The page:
Cost Model

Cost Model

A cost model aids the business owners and the managers to identify the cost for certain activities and processes. With the use of financial computations or cost accounting allocation, companies can take basic information related to resources, such as raw materials, machineries, utilities and manpower etc. for converting the data into useful costs in order to set the price of goods and services, and estimate the development costs.

Importance of A Cost Model:

1. To assess the consumption of resources

  • How much or in what amount the raw material or other resources are required to produce a product/service?

2. Assists in decision making

  • Reduced resource issue to a common metric
  • Monetary valuation of resources
  • Comparison of expenses at two different locations in the same region
  • Comparison between current manufacturing operations and alternative facilities in a new location

Uses:

1. To evaluate cash requirements for an operation/project.

2. To estimate revenue requirements for the success of project.

3. To identify the strategies:

  • Make-buy decisions
  • Choice of process, design and technology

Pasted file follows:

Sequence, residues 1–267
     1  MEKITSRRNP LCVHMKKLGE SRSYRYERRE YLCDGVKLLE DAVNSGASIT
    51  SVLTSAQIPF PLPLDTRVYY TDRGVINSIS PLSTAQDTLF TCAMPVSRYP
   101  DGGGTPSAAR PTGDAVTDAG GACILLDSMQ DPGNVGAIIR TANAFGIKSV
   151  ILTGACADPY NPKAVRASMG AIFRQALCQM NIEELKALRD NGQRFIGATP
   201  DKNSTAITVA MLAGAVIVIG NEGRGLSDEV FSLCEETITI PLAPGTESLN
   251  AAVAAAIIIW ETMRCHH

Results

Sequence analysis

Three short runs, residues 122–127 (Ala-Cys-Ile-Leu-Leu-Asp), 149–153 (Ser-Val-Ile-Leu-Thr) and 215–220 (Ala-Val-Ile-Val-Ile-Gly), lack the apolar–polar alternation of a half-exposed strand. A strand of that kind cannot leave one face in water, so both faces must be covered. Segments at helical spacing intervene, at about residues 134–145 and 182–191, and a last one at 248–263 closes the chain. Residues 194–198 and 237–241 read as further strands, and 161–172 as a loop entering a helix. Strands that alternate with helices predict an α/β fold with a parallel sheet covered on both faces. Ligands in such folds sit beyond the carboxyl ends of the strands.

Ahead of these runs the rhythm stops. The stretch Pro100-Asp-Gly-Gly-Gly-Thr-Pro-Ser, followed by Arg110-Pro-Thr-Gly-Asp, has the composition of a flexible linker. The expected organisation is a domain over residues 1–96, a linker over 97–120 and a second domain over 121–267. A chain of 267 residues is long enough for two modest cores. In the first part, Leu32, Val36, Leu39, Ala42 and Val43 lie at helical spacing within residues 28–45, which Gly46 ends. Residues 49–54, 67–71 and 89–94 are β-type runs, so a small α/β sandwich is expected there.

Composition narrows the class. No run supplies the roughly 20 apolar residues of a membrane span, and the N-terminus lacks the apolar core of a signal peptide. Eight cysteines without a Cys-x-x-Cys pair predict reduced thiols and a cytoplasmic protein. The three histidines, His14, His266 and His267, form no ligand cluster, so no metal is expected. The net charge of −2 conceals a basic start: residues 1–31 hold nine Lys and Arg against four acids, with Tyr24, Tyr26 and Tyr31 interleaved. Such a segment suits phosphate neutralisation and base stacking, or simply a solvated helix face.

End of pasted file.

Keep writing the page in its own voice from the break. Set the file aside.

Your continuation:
• Acquisition/Selling strategies
  • Negotiation support

A cost model consolidates all calculations for a holistic consideration:

  • Determine cost drivers to lead the research
  • Communicate results with stakeholders – Internal: R&D, Management, Marketing – External: Industry Advisors, Investors, Customers, Licensing Partners

Our cost models focus on five key principles so as to create accurate and robust cost models for purchased/manufactured goods.

  • Cover cost elements as well as cost drivers
  • Commodity-specific models to emphasise on major drivers
  • Consider the effect of total ownership cost
  • Incorporate simple and qualitative information
  • Triangulate around data to enhance accuracy and confidence

The cost models include all major cost factors for manufacturing the product:

  • Top-down calculation of labour, material and capital to meet production volume
  • Cost sensitivity and scaling analyses
  • Process flow and value chain
  • By-products and their valuation
  • Estimated value of production project using sale price
  • Operational details (e.g. schedule of work shifts), capacity and throughput
  • Minute product details growth dynamics of business, production, or sales
  • Company financial model (debt, equity, taxes, etc.)
  • Interest on working capital, fixed investments or on loans
  • Depreciation on buildings, plant and machinery
  • GSA costs
  • Maintenance costs and overheads

Learn more about our Cost Modelling services.

Cost Model Procurement Resource